Engineers wanted for ground-breaking BeLongEng study

A University of Canterbury researcher is calling for people to take part in a longitudinal study that will track thousands of engineers across New Zealand and Australia to better understand the work they do and how the profession changes over time.

Associate Professor and Director of the Master of Engineering in Management Programme Enda Crossin is heading up The BeLongEng project, which came to life after he was involved in developing a new engineering degree at Swinburne University of Technology in Australia. 

“We wanted to design the degree to be responsive to the changing nature of engineering work,” Crossin says.  Photo of Associate Professor Enda Crossin

“We identified that not only is engineering practice not well understood, but no one had ever tracked engineers over a really long period of time.  

Most longitudinal studies on engineers focus on the transition from study to work and those early years after graduation, so the evidence basis for what engineers do and how that changes is really lacking.” 

The study  

Crossin and his project team plan to recruit thousands of engineers across New Zealand and Australia, who will complete a survey every one to two years about the work they are doing and their work environment. 

“We also recognise that work is shaped by a range of factors and to capture this, we’re also measuring psychometric factors - things like the feeling of belonging in the profession and wellbeing. 

“If we hit our target, it will be the biggest study of its type ever done globally, which is really exciting.”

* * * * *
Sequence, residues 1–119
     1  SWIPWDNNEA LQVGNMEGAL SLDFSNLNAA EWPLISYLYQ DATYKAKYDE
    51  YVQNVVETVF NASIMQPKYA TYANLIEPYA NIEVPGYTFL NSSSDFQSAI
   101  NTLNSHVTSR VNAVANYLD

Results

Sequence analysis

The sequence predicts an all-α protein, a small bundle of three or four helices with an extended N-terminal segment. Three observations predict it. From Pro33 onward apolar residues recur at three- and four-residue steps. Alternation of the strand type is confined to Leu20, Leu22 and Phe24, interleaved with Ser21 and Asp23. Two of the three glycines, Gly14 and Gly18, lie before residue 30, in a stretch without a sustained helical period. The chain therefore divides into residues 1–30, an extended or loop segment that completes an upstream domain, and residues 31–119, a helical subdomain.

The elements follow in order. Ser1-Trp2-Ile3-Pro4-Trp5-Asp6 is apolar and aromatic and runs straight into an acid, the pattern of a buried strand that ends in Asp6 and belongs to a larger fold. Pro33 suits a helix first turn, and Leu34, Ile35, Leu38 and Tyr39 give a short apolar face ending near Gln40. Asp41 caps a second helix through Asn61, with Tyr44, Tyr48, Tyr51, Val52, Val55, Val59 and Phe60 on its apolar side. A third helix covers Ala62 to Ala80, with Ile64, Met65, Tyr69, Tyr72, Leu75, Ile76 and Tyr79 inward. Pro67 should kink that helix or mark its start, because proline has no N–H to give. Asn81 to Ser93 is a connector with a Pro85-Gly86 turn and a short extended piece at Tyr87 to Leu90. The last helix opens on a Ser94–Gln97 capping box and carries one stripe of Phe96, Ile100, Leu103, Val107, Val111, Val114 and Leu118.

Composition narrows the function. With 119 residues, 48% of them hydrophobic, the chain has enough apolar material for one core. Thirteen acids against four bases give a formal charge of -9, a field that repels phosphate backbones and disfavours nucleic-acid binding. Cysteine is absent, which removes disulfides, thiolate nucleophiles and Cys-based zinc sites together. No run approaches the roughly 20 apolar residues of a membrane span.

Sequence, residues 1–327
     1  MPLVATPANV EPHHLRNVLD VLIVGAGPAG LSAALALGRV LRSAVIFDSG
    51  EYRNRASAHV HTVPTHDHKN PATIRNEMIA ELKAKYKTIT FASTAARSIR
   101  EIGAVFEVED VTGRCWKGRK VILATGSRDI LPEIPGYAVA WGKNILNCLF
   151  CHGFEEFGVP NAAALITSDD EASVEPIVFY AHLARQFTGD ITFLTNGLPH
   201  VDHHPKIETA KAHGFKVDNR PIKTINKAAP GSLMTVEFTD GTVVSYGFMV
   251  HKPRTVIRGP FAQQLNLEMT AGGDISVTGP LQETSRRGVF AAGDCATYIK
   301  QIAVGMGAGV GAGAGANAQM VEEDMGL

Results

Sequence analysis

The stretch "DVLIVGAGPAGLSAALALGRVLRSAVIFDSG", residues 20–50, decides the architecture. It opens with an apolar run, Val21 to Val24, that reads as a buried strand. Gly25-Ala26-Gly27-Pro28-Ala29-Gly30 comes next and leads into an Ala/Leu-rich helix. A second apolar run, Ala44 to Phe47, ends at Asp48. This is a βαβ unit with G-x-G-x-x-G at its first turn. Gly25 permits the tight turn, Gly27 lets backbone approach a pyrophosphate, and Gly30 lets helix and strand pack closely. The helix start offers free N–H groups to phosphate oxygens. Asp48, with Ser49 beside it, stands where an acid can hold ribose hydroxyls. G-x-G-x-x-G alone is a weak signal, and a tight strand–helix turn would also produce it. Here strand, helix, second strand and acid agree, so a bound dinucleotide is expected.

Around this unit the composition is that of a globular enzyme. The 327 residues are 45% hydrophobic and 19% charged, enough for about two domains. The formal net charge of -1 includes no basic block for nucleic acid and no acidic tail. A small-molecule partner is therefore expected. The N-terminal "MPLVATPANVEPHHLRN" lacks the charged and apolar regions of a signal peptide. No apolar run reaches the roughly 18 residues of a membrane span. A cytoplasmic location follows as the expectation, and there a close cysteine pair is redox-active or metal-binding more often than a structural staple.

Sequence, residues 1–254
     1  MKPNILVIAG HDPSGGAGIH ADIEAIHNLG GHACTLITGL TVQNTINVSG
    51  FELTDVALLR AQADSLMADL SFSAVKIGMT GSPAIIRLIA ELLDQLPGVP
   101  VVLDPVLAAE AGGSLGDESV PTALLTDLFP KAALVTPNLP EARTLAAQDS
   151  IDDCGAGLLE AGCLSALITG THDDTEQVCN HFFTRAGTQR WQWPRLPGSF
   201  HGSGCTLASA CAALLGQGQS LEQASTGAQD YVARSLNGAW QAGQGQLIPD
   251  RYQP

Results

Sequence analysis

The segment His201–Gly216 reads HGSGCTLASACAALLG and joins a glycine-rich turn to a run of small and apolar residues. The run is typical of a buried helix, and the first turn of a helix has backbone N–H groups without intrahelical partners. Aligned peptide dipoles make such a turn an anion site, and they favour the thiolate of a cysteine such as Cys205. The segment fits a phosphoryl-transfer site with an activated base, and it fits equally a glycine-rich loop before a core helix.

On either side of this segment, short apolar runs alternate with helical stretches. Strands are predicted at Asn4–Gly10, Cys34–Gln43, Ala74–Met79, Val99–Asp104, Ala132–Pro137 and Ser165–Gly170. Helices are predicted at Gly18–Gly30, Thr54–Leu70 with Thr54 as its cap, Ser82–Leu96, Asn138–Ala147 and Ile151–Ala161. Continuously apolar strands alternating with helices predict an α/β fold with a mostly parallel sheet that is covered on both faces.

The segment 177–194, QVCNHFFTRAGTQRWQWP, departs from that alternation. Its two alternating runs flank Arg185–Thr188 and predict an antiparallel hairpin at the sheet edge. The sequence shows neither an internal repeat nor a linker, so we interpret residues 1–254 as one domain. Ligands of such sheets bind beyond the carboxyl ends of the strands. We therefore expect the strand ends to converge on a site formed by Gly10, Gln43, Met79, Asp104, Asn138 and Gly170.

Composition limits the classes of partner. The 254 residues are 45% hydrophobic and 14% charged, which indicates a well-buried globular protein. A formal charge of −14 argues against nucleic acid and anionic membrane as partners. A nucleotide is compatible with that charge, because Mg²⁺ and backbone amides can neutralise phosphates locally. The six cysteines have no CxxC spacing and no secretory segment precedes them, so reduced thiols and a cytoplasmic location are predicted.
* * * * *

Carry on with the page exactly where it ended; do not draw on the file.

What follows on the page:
The findings will then be shared with tertiary education providers and engineering peak bodies to help shape engineering programmes. 

“There are always question marks about what engineers do and what engineering educators should be teaching.  

“Through this project, we’ll be able to provide strong evidence of what engineers do, including at different career stages. Educators can then use this to improve the preparedness of engineering graduates for work.” 

Crossin says they would like to use the research to influence the competency standards that are used for engineering education programmes, such as the Washington, Sydney and Dublin Accords.  

Why get involved  

Participants will be able to opt in to the BeLongEng Club, which will give them access to exclusive events and insights from each data collection wave. 

“We’ll be able to provide engineering peak bodies with evidence, not just speculation, on how engineering work is changing. In doing so, we can support these peak bodies in making sure that these standards are responsive to the future of engineering work. That's the ultimate end goal.” 

Engineering companies will also benefit from the findings, Crossin says. 

“We’ll be collecting data on factors related to employment, work satisfaction and performance, and we plan to share insights with engineering companies on how they can support engineers in their careers. 

How to get involved  

If you’re an engineer (or have an engineering qualification and now work in a different field) and you’re keen to be involved, you can find out more and join the study via the BeLongEng website. 

BeLongEng and ACE New Zealand 

ACE New Zealand is a peak-body supporter of the project, helping to spread the word and recruit participants. Chief Executive Helen Davidson is also on the project Advisory Board.